They’re over. Done! Kaput! Finito! The London 2012 Olympics are history, sadly. For they were: “happy and glorious games,” according to IOC President Jacques Rogge. And for generations to come, we will all remember where we were in the summer of ‘12. The summer our little island welcomed 200 countries, 14,700 athletes, 21,000 media and over 100 heads of government and heads of state from across the world.
And we delivered.
What will the Olympic legacy be?
Now, our attention turns to the future, and legacy-making. Already there is one noticeable legacy. The number of organisations piggy backing on the Games: “Use us, and you too can enjoy that gold medal feeling,” is the message. Have you seen them too?
“London 2012′s leaders created a culture of success… (They) facilitated athletes to outperform against high expectations… Business leaders can emulate.”
But platitudes aside, what can HR leaders learn from the Olympics? What is the legacy for HR professionals beyond the obvious?
LOCOG legacy: managing your own demise
The answer may be the LOCOG legacy. It may sound like a John Grisham thriller (especially when one considers it is a follow-up to The Semler Principle) but the LOCOG legacy is the lesson for HR professionals.
LOCOG is the London Organising Committee of the Olympic and Paralympic Games. Its role was to prepare and stage the London 2012 Games. And they delivered big style. 26 Olympic Sports, 20 Paralympic Sports and 10.8 million ticket-holders – they delivered a happy and glorious product. But a year from now they will be no more.
At their peak, LOCOG had a workforce of 200,000. In June 2013, it will be 0. The LOCOG Legacy is that of an organisation that was focused upon delivering. To quote their own words: “…the best possible experience for everyone involved, ensuring a real legacy and inspiring people to join in.” And then, with that delivered, managed its own demise.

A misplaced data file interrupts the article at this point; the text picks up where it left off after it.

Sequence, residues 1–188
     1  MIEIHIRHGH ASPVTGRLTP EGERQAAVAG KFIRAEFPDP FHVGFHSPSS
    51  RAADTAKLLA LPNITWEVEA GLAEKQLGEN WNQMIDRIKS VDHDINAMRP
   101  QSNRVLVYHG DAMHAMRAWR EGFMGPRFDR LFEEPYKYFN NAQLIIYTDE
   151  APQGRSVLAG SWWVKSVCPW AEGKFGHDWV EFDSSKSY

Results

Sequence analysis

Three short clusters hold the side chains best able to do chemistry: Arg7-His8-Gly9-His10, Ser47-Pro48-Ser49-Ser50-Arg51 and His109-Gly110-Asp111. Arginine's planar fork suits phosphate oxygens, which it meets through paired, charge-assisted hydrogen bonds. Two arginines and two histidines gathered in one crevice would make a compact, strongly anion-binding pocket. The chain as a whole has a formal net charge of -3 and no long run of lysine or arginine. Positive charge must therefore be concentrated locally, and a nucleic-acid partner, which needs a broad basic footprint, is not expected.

Apply that to your organisation, any organisation. The quote fits. But the question is how many HR functions are dedicated to delivering an excellent product such that ultimately, they make themselves superfluous?
This is not a new idea.
Unconventional work practices
Ricardo Semler is known for having similar thoughts. His company, Semco, is renowned for its ‘unconventional’ ideas and work practices. When asked how Semco measures employee efficiency, he replied: “This would be the same as saying that people are basically lazy. We don’t believe in that. Even when we left people to choose their bosses, and set their own work hours and salaries.”
What about HR-owned activities like recruitment? “Hiring is done in a unique way: by those who really care.” Put simply, hiring is done by dozens of co-workers at a time with multiple discussions by potential colleagues choosing their new workmates.
And HR? “HR takes a decidedly backstage role at Semco. We want people decisions to be made by those who are close to the people… not a department.”
Are you making HR superfluous?
Put together, the LOCOG legacy and the Semler Principle equals an interesting challenge for HR.
The challenge is simply this. Do you have a ‘how HR eats itself’ plan? Think about HR admin – how is your plan eliminating or automating this to zero? And the activities HR does – where is the ‘knowledge transfer’ plan so that others recruit, train, and lead others with far more knowledge than HR has?
And if that is a hop, skip and a jump too far, simply challenge HR with the question: “Are you truly adding value in a Team GB Coach’ medal-winning way?”